Was there a collaborative dynamic on set between you guys and the crew?
Brie Larson: Yeah, I felt that way.
Destin Cretton: I think, specifically, both Brie and John (Gallagher Jr., who plays Larson’s boyfriend and co-worker in the film) stepped into their roles, not only on camera, but the similar roles as mentor and motivator for the entire team of actors, some who were kids who had never acted before. I think together Brie and John helped to create this environment of safe, fun, playfulness, but also taking their job very seriously. They were an extreme source of inspiration for these kids. That is something that a director could not create, the feeling of family and spontaneous interaction between people who don’t know each other. That’s not something you can fake. Thank god that they naturally stepped into those roles.
Brie, did you have to go to dark places in your mind for certain scenes? Is that comfortable for you?
Brie Larson: Yeah, it’s very comfortable for me. I have to make a conscious decision to go to that side of town and I don’t live there, you know? I think everybody gets a little too attached to feeling sorry for themselves in the sort of dark places. There’s also a whole other, healthy life to lead and other responsibilities to have, and you just can’t survive living like that. It’s important as an actor to understand the difference between reality and fiction, which can get confusing if you get too lost in it. It was a very big focus for me, especially for this movie. I was really proud of myself for the way that I structured my day while shooting. It’s something that I want to continue to take as a philosophy. When you go that dark, it’s like a ghost thing—it sticks with you for a while and sometimes it takes a lot longer than you want it to to let go of some of the things that you stir up inside.
So, you were able to let go of these dark feelings on the same day.
Brie Larson: Every day. You do it, and then you let it go. Luckily, I just became very clear. There were certain moments that I had to go really deep, and I was afraid that since that’s not how I am on my day-to-day, and I created these relationships, that I was going to feel self-conscious and that I was going to be afraid to go there. I would just say, “Hey, I’m going to go underwater for a little bit, and it’s going to be a process to get me where I need to get to. Just bear with me. It’s going to seem a little scary and weird. When I get to come up for air, I’ll let you know.” That’s how it worked. You let it go. It feels like you’re waking up. I don’t have a lot of memory of the darker things. When I’d watch them, I’d have no memory of doing them. I’d look up, and there would be a bunch of friendly faces, and I’d sometimes even get a hug. (laughs) Sometimes there’d even be pizza at the end of the day! (laughs)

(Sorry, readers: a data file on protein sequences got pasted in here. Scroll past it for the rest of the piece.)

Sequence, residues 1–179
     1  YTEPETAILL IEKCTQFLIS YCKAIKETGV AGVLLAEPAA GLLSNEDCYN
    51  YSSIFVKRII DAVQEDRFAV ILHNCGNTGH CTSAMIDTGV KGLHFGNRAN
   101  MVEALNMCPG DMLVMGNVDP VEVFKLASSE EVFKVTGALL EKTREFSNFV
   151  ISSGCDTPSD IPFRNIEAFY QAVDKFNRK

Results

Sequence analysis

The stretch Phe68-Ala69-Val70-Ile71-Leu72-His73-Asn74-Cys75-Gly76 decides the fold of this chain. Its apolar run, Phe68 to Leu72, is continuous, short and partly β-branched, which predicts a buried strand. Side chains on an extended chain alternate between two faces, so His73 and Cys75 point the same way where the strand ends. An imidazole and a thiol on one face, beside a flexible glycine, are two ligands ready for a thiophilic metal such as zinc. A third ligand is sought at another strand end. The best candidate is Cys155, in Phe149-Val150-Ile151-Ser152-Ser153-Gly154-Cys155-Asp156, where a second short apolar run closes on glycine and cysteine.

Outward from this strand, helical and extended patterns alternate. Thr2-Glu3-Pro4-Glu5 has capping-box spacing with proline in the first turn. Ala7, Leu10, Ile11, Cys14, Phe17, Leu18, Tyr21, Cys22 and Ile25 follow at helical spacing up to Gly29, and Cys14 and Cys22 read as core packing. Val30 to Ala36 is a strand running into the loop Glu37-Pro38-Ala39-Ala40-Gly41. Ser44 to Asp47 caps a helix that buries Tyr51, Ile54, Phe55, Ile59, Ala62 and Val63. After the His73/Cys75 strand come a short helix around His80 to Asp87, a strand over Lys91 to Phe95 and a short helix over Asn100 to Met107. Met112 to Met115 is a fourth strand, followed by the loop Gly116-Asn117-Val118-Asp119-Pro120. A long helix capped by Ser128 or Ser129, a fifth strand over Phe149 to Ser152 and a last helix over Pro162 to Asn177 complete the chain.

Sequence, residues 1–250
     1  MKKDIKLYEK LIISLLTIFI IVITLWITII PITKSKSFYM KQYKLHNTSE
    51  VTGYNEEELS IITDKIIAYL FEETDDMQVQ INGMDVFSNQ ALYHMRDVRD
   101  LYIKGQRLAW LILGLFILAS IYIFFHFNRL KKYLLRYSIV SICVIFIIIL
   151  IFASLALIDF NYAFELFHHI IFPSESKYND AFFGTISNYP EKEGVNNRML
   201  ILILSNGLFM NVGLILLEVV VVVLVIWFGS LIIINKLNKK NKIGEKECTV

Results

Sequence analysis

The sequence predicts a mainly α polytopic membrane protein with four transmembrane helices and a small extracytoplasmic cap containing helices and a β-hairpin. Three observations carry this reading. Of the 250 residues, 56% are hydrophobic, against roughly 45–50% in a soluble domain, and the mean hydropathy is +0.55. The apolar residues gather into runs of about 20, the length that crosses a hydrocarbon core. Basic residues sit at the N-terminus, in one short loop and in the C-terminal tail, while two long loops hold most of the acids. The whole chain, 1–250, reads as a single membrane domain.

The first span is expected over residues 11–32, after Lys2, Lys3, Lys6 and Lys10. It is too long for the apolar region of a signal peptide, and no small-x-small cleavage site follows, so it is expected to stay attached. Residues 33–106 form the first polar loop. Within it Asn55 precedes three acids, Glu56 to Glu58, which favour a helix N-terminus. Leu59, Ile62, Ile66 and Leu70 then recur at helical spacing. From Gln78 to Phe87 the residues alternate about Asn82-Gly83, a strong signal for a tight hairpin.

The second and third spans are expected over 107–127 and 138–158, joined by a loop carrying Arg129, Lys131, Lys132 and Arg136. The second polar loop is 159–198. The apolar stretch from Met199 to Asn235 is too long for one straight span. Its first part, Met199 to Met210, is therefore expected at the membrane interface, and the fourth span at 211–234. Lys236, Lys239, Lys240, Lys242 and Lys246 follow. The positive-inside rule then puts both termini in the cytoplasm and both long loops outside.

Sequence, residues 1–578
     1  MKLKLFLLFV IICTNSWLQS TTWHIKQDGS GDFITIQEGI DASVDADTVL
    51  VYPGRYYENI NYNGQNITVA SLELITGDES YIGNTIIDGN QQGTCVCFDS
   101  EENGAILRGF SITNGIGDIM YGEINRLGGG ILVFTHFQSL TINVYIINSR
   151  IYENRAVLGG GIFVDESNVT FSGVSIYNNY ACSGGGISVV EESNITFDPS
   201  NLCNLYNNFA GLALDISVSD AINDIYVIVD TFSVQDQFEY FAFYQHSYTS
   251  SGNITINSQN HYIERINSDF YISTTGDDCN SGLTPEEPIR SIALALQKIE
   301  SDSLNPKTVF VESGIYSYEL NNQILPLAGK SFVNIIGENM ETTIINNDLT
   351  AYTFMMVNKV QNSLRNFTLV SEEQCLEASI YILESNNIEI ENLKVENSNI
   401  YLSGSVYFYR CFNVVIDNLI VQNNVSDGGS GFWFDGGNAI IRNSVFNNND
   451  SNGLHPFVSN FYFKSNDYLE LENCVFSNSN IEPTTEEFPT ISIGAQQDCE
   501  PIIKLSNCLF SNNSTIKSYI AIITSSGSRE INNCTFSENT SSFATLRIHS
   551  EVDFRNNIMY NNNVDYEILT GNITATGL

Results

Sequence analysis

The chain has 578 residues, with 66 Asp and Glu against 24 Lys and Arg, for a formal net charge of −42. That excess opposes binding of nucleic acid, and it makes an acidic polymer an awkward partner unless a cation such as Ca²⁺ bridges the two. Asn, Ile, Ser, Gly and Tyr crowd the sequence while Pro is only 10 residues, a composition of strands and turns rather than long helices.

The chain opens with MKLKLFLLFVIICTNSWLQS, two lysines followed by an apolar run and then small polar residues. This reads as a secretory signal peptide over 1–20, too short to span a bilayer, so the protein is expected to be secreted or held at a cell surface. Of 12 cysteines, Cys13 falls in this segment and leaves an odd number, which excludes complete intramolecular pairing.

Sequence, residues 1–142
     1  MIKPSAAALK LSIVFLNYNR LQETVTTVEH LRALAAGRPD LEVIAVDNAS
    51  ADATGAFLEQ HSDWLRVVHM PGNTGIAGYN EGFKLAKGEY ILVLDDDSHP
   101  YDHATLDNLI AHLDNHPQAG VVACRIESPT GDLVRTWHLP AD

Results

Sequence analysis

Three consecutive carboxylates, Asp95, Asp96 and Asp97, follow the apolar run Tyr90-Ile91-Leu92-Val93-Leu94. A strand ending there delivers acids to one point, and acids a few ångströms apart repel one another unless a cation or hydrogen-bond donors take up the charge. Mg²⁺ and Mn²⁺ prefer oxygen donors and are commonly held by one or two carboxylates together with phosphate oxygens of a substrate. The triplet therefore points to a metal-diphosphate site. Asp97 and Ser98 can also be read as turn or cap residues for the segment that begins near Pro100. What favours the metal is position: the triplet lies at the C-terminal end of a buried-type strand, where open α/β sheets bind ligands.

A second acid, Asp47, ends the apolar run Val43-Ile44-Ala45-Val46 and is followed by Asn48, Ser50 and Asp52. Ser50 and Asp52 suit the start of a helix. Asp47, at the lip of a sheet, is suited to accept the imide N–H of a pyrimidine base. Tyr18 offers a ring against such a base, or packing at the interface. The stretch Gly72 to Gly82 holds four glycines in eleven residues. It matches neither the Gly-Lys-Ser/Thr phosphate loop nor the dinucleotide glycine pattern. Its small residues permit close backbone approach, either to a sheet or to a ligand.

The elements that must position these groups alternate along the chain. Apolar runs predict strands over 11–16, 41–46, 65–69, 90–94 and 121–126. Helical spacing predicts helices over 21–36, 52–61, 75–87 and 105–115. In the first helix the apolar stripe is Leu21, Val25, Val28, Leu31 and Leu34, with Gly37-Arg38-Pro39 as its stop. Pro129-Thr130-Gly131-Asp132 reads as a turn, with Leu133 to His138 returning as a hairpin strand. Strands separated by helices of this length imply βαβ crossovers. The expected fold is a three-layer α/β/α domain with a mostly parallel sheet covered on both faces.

Brie Larson: There were pizza days! We could afford that.
Destin Cretton: We tried to schedule the pizzas right after every intense scene.
Is that true?
Destin Cretton: It did kind of turned out that way!
Brie, did you learn the skill of separating your work from real life on this film?
Brie Larson: I learned it from shadowing at the [foster care] facility. The woman I spent time with, that was her philosophy and how she dealt with it. She had Grace’s job for 20-something years, so she knows what she’s doing. (laughs) I trust that advice. It really works. You put everything you can into the work while you’re there, and then you go home and try to remove yourself from it. I’m very hard on myself and am very much an over-thinker, so it was important for me to recognize that about myself and to be aware that it wasn’t healthy.
Destin, what’s a skill that you developed on this project that you think will really help you in your future projects?
Destin Cretton: Well…that’s a question I haven’t been asked before. There’s a huge list of things, a huge list. I think more so than any other film, the importance as a director to create an environment off screen that is in cooperation with what you want to be on screen. In the same breath, I think a fun, safe atmosphere is cooperative to anything that’s going to be on screen, even if it’s a tense scene. Most human beings are able to be at their best creative space when they feel like they’re safe and having fun, even if it’s an intense thing. What we’re doing is playing make-believe. It’s somehow attached to what we used to do when we were seven, even if we’re doing a very serious movie, we’re still attaching ourselves to this free, I don’t care what I’m doing, playing make-believe and being expressive [mentality.] The best stuff that we did on this movie, the best moments, were created with a feeling of childish fun. That’s why I like making movies.